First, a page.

California Lawyers for Administrative Employee Wage Claims
Protecting Administrative and Clerical Personnel From Unfair Wage Practices
Many administrative employees are misclassified as exempt vs. non-exempt and don’t even know it. Under California overtime laws, the presumption is that all employees working in the state are entitled to overtime pay when they work more than 40 hours in a week or more than 8 hours in a workday. Employers can refuse to pay certain administrative employees — such as managers, supervisors and assistant managers and supervisors- overtime wages if the employees meet the job duties test for the administrative exemption.
In order to refuse to pay administrative employees such as managers and supervisors overtime wages, employers have the burden of proving that the employees are specifically excluded from state overtime laws and minimum wage requirements.
The Employer Has the Burden of Proof on Administrative Exemption Issues
When an administrative employee shows uncompensated work in excess of 40 hours a week, it’s not up to the employee to prove a right to pay at a time-and-a-half rate. Instead, it’s up to the employer to prove that administrative employees are not entitled to overtime pay by showing that all of the following tests are met:
- The administrative employee’s duties and responsibilities involve either office or non-manual work directly related to management policies or general business operations of the employer or the employer’s customers;
- The administrative employee customarily and regularly exercises discretion and independent judgment and is not required to follow strict company guidelines and protocols;
- The administrative employee under only general supervision performs work along specialized or technical lines requiring special training, experience or knowledge, or executes under only general supervision special assignments and tasks; and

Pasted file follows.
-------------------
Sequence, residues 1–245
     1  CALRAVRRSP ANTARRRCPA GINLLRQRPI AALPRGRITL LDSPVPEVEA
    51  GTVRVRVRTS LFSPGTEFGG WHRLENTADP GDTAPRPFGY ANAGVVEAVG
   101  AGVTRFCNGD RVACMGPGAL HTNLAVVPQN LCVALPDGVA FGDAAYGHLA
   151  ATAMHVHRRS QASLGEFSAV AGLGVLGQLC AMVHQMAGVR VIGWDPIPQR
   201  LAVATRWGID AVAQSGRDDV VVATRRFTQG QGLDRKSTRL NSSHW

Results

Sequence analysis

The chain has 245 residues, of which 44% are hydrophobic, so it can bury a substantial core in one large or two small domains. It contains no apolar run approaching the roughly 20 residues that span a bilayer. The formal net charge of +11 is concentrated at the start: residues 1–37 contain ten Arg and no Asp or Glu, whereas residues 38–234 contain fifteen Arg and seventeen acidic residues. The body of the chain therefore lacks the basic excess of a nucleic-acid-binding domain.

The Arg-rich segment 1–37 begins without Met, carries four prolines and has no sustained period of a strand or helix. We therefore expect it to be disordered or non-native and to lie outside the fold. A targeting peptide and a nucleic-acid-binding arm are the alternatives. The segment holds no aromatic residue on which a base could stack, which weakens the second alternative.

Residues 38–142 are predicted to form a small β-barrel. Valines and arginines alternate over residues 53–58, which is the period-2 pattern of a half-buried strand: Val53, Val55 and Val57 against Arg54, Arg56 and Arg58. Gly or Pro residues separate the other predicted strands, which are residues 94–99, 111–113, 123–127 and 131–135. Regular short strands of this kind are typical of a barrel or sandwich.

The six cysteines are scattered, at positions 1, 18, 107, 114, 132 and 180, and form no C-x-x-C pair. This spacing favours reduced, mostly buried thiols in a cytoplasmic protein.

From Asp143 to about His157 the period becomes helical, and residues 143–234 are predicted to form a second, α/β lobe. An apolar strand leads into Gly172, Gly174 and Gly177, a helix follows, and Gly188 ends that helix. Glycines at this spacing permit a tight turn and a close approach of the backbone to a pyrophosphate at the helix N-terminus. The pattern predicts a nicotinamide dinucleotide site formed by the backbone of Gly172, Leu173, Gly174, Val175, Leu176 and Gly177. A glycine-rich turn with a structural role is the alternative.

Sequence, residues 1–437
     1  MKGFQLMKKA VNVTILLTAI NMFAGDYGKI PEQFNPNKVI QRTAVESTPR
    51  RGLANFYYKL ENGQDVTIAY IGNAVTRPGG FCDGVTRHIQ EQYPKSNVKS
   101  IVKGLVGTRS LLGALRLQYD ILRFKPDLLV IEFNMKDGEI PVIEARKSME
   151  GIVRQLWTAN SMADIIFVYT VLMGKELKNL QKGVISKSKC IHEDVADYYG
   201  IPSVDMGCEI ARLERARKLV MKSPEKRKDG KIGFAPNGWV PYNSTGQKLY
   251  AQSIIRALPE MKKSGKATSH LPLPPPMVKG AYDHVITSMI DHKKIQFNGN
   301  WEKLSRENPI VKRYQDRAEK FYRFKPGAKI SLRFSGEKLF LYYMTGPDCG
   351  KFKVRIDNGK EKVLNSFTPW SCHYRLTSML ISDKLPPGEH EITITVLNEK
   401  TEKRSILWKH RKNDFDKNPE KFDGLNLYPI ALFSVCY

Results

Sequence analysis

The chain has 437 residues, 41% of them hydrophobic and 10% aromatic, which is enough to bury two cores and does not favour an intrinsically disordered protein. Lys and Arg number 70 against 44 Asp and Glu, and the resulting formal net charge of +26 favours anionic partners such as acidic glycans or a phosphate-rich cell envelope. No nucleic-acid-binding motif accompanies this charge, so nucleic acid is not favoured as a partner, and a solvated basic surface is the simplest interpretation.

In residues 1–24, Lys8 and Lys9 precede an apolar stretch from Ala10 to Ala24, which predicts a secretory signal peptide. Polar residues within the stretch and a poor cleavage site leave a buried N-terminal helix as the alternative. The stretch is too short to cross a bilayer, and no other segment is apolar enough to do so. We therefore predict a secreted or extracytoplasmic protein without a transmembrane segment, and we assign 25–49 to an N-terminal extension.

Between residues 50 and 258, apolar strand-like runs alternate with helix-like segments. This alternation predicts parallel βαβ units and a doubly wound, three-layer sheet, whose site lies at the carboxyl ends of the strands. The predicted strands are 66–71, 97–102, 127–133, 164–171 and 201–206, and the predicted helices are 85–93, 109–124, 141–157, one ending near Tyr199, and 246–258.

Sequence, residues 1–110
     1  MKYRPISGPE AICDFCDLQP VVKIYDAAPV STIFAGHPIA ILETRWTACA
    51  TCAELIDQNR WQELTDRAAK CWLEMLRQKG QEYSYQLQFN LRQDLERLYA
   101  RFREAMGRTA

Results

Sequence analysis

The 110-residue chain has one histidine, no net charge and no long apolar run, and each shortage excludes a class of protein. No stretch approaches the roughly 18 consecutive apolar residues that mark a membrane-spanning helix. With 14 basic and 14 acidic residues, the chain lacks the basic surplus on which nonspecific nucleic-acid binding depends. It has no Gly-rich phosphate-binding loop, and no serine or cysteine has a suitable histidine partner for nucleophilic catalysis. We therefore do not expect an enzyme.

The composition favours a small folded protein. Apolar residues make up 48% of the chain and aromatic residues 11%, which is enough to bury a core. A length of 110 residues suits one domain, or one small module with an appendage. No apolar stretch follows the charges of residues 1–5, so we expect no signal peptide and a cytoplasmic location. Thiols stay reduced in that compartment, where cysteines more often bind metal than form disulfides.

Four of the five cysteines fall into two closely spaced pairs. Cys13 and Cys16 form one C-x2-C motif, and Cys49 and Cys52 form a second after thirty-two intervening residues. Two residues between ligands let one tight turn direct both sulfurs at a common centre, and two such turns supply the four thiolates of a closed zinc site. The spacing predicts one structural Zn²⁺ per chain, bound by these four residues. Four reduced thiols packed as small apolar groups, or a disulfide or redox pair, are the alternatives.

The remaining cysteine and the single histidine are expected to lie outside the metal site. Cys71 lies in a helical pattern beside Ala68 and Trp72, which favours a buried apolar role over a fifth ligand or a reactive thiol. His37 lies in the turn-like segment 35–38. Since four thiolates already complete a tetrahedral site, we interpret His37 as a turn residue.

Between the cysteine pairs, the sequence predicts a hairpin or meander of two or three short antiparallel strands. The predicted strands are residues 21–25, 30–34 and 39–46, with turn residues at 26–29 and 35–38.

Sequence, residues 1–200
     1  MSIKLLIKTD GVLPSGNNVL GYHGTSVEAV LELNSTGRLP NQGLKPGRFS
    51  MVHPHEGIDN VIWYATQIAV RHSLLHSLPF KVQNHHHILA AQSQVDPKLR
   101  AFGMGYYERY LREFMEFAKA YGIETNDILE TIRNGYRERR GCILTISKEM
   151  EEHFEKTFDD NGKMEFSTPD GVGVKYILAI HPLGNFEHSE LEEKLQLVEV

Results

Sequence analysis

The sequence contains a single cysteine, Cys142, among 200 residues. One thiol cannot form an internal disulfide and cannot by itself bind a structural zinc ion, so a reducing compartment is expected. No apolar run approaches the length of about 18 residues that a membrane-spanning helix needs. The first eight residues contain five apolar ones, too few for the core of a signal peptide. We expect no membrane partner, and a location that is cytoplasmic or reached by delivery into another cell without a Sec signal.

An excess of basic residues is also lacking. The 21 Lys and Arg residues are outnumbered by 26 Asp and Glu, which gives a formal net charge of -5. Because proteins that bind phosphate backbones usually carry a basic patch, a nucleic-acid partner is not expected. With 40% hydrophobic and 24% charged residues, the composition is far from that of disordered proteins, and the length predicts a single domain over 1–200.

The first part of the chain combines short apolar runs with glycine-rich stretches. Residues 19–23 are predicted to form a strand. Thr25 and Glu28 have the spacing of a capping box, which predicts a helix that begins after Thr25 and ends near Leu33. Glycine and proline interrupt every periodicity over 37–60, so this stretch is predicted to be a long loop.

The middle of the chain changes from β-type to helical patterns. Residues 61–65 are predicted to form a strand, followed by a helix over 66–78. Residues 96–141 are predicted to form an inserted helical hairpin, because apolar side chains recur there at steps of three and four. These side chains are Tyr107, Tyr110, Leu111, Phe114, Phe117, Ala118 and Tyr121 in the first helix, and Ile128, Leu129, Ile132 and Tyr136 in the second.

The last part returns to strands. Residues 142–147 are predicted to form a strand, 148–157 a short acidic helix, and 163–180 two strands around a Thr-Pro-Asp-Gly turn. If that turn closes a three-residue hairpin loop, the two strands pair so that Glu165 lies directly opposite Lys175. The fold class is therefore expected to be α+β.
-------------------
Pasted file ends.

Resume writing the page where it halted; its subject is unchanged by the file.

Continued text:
- The administrative employee earns a monthly salary equivalent to no less than two times the state minimum wage for full-time employment.
Many employers in California improperly classify administrative workers as “exempt” to avoid paying them overtime wages, when in fact these employees do not meet the test for theovertime exemption for administrative workers. If your current or former employer paid you a fixed salary without additional pay for working overtime hours in an administrative job position, you may be eligible to recover significant amounts of money in an overtime lawsuit.
At Blumenthal, Nordrehaug & Bhowmik, our employment lawyers have substantial experience representing administrative workers in cases to recover overtime wages and other penalties for violations of state labor laws and the Fair Labor Standards Act.
Managers, Supervisors and Professionals Are Sometimes Entitled to Overtime
After investigating whether or not administrative employees are entitled to overtime pay in California communities such as San Diego and San Francisco, our employment law lattorneys often find that:
- Even though managers and supervisors are required to follow strict company guidelines and procedures, employers do not pay managers and supervisors overtime wages
- Even though assistant managers and supervisors do not exercise independent discretion and judgment, employers do not pay the assistant managers and supervisors overtime pay
- Even though secretaries and other administrative staff spend a majority of their time performing clerical labor, employers refuse to pay them overtime wages
- Even though scientific employees working in laboratories or similar settings do not exercise discretion and judgment as to matters of significance, employers refuse to pay them overtime wages
Our attorneys have the resources and experience administrative employees are looking for when their current or former employer commits illegal employment practices. If you were an assistant manager or supervisor not making overtime pay, contact our employment lawyers today for a free consultation about whether you are entitled to collect unpaid overtime wages under California labor laws or the Fair Labor Standards Act.